Invalid Motions

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Invalidity in City Planning Meeting Motion

Dear Sir/Madam:

Technically, it would be Dr. Cagle, but John would be fine.

I have a question re Robert's Rules of Order that has arisen from a local Planning and Zoning meeting. The P&Z;Commissioners' meetings are to be held according to Robert's Rules. Recently a vote was taken on which I have a question of procedure. The motion before the floor was to approve a "Special Use Permit" for A, B &;C. The vote was cast and results of voting so noted by the Chair. However, it was noted by P&Z;Staff earlier that the Commissioner's had no authority to vote for C. My understanding is that the Motion was therefore invalid as was the result of the voting. I believe that Staff do not have the authority to administratively change the text of the Motion or vote.

The staff have a responsibility to implement the decisions, subject to the laws and other city, state, or federal laws, of course. This responsibility could include implementing the legal decisions, but not implementing the illegal decisions, pending approval from a higher authority, such as a city council or board of supervisors. This responsibility of the staff would not include revising the minutes to change the record, as that can only by done by the commission, and even then properly.

Two questions:

1. Is the above understanding regarding the invalidity of the current motion true?

If the commission has authority to do A &;B, and if A, B, &;C are separate items within a single motion (i.e., you could have "divided the question" in debate and voting), then A &;B are legal and only C would be "null and void" because the commission had exceeded its authority. If A, B, &;C are interrelated and substantially the same question, then all three would be null and void. In life, it is sometimes hard to determine which condition would apply, and sometimes it takes a judgment by a court to determine.

Anything that had been done to implement the C provision in good faith by staff or the city, even though the motion was illegal, would be legal contracts. For example, if the city had communicated to a contractor that the zoning was approved and then the person signed a contract for 50 tons of cement, the contractor would probably have the basis of a complaint against the city. However, once the legal error was determined and communicated to everyone concerned, it is a sort of cease &;desist situation, as I understand it. It is parallel to the case in which an organization decided to spend money (e.g., have a dance) at a meeting without a quorum in the expectation that the members at the next meeting will ratify the action; later, the organization can decide not to have the dance, but it would still have the obligation to honor any contracts that had been signed; the organization itself would then have legal recourse against the members who had acted improperly, but it would have to honor a contract to hire a band, even if it did not have the dance.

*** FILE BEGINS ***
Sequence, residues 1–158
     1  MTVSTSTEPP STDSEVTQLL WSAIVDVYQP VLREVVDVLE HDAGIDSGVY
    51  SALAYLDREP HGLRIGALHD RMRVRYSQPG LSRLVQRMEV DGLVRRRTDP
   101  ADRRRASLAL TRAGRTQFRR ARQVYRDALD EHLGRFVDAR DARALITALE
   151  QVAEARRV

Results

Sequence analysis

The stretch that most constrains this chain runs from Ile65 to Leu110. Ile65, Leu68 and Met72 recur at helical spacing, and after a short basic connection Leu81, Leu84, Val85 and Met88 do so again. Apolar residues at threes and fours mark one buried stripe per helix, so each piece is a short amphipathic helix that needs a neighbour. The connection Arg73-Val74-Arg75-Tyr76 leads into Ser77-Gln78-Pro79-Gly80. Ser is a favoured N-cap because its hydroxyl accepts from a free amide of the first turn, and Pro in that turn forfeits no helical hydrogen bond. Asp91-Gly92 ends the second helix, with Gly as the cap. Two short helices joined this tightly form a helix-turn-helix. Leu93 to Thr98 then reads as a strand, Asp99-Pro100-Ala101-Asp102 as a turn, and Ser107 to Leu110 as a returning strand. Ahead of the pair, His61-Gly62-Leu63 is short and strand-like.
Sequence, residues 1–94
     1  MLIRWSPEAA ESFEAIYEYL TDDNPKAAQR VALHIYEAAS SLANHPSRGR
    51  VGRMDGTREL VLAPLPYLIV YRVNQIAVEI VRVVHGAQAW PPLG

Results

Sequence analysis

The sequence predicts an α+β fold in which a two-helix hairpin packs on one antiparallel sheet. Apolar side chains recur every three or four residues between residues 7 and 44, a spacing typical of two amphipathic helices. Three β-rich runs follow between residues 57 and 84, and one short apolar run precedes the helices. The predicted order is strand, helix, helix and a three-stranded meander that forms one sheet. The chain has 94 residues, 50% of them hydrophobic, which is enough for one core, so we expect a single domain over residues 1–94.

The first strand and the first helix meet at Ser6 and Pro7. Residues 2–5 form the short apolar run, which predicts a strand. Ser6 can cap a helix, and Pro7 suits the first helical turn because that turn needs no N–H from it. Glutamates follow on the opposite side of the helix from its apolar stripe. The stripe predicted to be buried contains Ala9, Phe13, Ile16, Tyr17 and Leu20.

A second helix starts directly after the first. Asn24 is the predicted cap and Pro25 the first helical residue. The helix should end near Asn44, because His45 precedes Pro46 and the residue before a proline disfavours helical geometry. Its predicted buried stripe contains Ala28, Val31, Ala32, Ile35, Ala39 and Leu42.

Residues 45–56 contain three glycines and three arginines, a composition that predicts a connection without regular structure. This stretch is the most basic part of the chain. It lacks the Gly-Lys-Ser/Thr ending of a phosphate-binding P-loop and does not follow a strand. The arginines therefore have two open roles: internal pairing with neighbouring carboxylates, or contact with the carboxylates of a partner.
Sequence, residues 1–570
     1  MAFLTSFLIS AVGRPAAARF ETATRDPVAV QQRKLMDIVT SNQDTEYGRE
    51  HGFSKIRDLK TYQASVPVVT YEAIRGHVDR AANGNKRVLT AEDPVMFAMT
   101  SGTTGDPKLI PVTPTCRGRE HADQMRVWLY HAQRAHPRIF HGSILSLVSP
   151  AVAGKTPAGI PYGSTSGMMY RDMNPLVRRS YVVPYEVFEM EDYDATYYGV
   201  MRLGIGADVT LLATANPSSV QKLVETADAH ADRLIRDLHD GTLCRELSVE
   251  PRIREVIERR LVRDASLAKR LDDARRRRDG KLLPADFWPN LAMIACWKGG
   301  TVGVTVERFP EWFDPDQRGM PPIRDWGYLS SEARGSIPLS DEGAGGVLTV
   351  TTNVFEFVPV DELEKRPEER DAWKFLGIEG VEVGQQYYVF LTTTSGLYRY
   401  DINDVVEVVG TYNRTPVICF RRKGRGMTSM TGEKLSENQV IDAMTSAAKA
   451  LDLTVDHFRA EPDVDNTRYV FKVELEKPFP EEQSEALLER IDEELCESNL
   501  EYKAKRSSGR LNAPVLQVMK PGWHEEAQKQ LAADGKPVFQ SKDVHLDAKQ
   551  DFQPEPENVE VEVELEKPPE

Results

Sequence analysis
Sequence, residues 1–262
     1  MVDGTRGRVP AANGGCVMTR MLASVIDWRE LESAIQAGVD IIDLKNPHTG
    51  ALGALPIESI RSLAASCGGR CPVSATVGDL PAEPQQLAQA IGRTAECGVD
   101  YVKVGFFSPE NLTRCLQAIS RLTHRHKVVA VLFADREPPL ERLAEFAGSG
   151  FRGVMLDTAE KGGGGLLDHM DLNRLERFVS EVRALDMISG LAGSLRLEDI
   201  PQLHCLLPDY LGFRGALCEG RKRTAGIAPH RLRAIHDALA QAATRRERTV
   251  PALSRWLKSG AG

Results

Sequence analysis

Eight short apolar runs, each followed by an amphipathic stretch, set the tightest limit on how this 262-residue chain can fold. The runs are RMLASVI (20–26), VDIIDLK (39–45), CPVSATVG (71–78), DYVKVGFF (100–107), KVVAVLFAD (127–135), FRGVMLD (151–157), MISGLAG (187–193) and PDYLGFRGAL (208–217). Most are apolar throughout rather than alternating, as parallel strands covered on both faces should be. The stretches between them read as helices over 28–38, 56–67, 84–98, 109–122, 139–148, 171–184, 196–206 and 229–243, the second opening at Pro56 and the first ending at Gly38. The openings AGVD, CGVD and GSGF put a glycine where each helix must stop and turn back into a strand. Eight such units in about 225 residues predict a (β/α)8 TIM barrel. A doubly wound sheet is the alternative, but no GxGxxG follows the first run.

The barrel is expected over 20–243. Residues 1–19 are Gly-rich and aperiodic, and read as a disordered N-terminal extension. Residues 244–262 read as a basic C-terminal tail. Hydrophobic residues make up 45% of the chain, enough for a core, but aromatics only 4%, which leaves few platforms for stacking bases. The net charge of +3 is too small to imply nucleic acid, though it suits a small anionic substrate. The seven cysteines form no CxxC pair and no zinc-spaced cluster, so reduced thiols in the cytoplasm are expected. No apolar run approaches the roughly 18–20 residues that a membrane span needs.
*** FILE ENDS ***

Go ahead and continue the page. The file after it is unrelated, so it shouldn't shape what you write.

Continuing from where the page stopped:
2. How does one bring this officially to the process to be corrected? Would I raise a Point of Order regarding an earlier action by the Commissioners?

The most straightforward method would be at the next meeting to introduce a motion called "Amend Something Previously Adopted." It is a form of a motion to "Rescind" and has the same rules. If the item is on the agenda for the meeting, the motion would require a majority vote to pass. If the item is not on the agenda (i.e., previous notice), then the motion would require a 2/3 vote to pass.

Alternatively, and you may wish to consult your city's attorney for a more legal opinion as compared to my parliamentary opinion, I think the A &;B provisions of the motion would still be legal and the C provision is already null and void. The matter could be handled by an announcement during the meeting (e.g., in an announcements and communications agenda item) to communicate the situation clearly for the record (minutes).

Because of the importance of planning and zoning commission decisions, it would seem to me that the "Amend Something Previously Adopted" motion would be the best thing to do, because it would result in an uncluttered commission decision that people could refer to.

Thanks in advance. I have not used Robert's Rules for some time and my copy is buried in a box in the garage.

If it has been buried a long time, then you should probably get a copy of the latest edition which supersedes the earlier editions: Robert's Rules of Order Newly Revised (2000).

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